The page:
By SCOTT BAUER
MADISON, Wis. (AP) — Republican Senate Majority Leader Scott Fitzgerald seesawed Tuesday on whether his majority would pass a bill guaranteeing insurance coverage for people with pre-existing conditions, first questioning whether there was enough support to do so before declaring a few hours later that the chamber would pass it “if it becomes necessary.”
The issue is playing a big role in the state’s races for governor and U.S. Senate. Republican Gov. Scott Walker has promised that as long as he’s governor, people with pre-existing conditions will be covered in Wisconsin. But Walker also supports repealing the federal Affordable Care Act law that includes the guarantee, and he authorized Wisconsin to join a federal lawsuit seeking to overturn it.
Walker has said that if the law is repealed, he would call a special session of the Legislature “in a heartbeat” to pass a state law guaranteeing coverage of pre-existing conditions. He called for the Legislature to back such legislation this year, and although the Assembly passed it, it died in the Senate. Democrats opposed it because it would allow insurance companies to charge more if a patient had no coverage for a particular health trouble or condition.
Fitzgerald, speaking to reporters after a Wispolitics.com event Tuesday, said he didn’t know if there was enough support to pass it now. Republicans control the Senate 18-15.
“I wouldn’t rule it out, because obviously it’s generated a lot of heat during this campaign and the election cycle,” Fitzgerald said. “But I know I’ve got members that probably are not on board, which is one of the reasons that it wasn’t something that we tackled at the end of session.”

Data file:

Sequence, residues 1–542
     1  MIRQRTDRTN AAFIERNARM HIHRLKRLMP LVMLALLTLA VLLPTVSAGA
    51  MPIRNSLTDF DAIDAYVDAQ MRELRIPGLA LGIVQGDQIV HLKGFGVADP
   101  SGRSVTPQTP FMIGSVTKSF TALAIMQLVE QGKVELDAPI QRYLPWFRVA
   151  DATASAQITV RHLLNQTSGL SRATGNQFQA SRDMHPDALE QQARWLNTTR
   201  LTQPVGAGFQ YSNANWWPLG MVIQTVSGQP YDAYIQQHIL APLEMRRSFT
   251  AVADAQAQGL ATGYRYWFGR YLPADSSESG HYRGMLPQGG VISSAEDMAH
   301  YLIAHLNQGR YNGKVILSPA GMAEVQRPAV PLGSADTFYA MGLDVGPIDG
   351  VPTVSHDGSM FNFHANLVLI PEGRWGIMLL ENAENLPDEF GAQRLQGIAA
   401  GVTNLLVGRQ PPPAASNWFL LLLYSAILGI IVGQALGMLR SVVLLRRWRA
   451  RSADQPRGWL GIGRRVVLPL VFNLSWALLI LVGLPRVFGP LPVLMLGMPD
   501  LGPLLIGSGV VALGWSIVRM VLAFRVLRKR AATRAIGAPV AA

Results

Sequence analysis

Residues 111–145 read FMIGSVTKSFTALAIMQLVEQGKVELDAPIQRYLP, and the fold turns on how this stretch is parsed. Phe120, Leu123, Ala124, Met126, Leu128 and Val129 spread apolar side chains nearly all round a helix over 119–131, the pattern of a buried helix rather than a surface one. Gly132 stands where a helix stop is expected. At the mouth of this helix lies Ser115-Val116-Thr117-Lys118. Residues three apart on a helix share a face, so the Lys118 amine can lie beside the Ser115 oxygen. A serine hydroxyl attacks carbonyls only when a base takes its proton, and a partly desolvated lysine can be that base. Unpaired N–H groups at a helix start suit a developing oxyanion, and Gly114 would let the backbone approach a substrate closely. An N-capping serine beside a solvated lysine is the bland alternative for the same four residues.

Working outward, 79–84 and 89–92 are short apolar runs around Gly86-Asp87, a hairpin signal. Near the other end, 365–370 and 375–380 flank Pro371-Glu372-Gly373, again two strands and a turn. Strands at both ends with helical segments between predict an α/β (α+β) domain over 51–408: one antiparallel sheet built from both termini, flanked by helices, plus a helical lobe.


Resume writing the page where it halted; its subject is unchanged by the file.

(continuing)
A few hours later, Fitzgerald reversed course, issuing a statement saying: “Pre-existing conditions are covered right now, and I support that policy. If it becomes necessary to cover them in the future, the Senate would pass a bill to do so.”
The Democratic gubernatorial candidate Tony Evers supports the federal law and has made Walker’s opposition to it a central part of his campaign. Democratic U.S. Sen. Tammy Baldwin also supports the federal law, whereas her challenger, Republican state Sen. Leah Vukmir, wants to repeal it. Like Walker, Vukmir has said she supports putting in place insurance protections in state law for people with pre-existing conditions.
Democrats have assailed Walker and Vukmir on the issue. Walker on Monday insisted that for him the issue is personal, noting that his mother is a cancer survivor, his wife has diabetes and his brother has a heart condition.
But to enact a state protection, it would have to pass the Legislature.
Assembly Speaker Robin Vos said in a telephone interview that he was doing “everything in my power to make sure that bill passes whenever the Legislature comes back.” The Legislature could return in a lame duck session after the election and Vos said he hoped the Senate would take up the measure then.